CivicScience continually tracks current and anticipated consumer trends. Here are three key insights marketers should know this week. All insights are derived from the CivicScience SPEC Report, an exclusive weekly report covering relevant social, political, economic, and cultural trends to help brands better understand and communicate with consumers.
1. Many Americans will be moving this year, especially out of state.
From needing a change of scenery to avoiding higher costs of living, more than 1-in-3 U.S. adults report they’re planning to move this year (35%), per the latest CivicScience data. Among movers, more than half intend to move out of state (54%), and a smaller percentage plan to stay in-state (46%). Adults currently residing in the Northeast or West are the most likely to be making an out-of-state move compared to those in the South and Midwest regions (data available in the full SPEC report).
Region also plays a role in the motives behind moving. Americans who currently live in the Northeast are the most likely to move due to the cost of living, whereas Midwesterners are the least likely to move due to costs; instead, they’re the most likely to want a change of scenery and climate.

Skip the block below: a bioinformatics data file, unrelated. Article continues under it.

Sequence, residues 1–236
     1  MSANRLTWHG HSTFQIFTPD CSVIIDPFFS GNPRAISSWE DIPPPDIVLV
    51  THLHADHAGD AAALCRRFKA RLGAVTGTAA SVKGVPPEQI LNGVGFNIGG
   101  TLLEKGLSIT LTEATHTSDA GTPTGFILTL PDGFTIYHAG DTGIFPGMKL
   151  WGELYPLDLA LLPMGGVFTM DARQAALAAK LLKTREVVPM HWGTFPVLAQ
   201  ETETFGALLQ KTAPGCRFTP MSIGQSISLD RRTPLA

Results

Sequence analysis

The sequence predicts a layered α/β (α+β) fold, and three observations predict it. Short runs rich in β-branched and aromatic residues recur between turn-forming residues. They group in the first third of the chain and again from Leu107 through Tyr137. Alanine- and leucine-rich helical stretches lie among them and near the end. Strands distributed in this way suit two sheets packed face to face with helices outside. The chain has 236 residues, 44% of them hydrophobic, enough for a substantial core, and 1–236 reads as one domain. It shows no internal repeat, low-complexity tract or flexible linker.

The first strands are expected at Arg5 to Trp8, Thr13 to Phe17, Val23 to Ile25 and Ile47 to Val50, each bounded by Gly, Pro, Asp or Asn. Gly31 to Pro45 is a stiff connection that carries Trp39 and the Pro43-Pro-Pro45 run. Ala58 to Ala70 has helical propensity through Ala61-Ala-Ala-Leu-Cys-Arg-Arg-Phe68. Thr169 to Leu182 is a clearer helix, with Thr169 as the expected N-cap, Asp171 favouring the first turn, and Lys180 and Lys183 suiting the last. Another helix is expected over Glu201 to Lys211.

2. Democrats more likely than Republicans to speed electric vehicle purchases.
Last week, the EPA proposed new regulations for carmakers geared toward reducing pollution emitted from vehicles. These new rules could accelerate the adoption of electric vehicles (EVs) in the U.S., as the EPA anticipates nearly two-thirds of vehicles sold in 2032 would have to be electric in order for carmakers to be compliant with the regulations.
Today, about a third of consumers say they’re most likely to consider a hybrid or electric vehicle for their next car purchase. That percentage jumps among Democrats – 69% say they would purchase an EV, more than doubling the percentage of Republicans (28%). Independents stand in the middle, with 48% interested in owning an EV.
3. Young adults are enrolling in free subscription trials with the intent of canceling them.
Subscription-based products and services have expanded dramatically since the beginning of the pandemic. Today, numerous subscription services (video streaming, apparel subscription services, etc.) offer free trials to give consumers a sneak peek of the service with the hopes that they sign up for a longer-term subscription. However, data show that a third of Americans say they’ve enrolled in one of these types of free trials over the last six months with the intent to cancel their membership before the trial ends.
This practice is even more common among younger adults. Half of adults aged 18-34 say they’ve done this at least once in the last six months, nearly double the percentage of older adults who’ve said the same.
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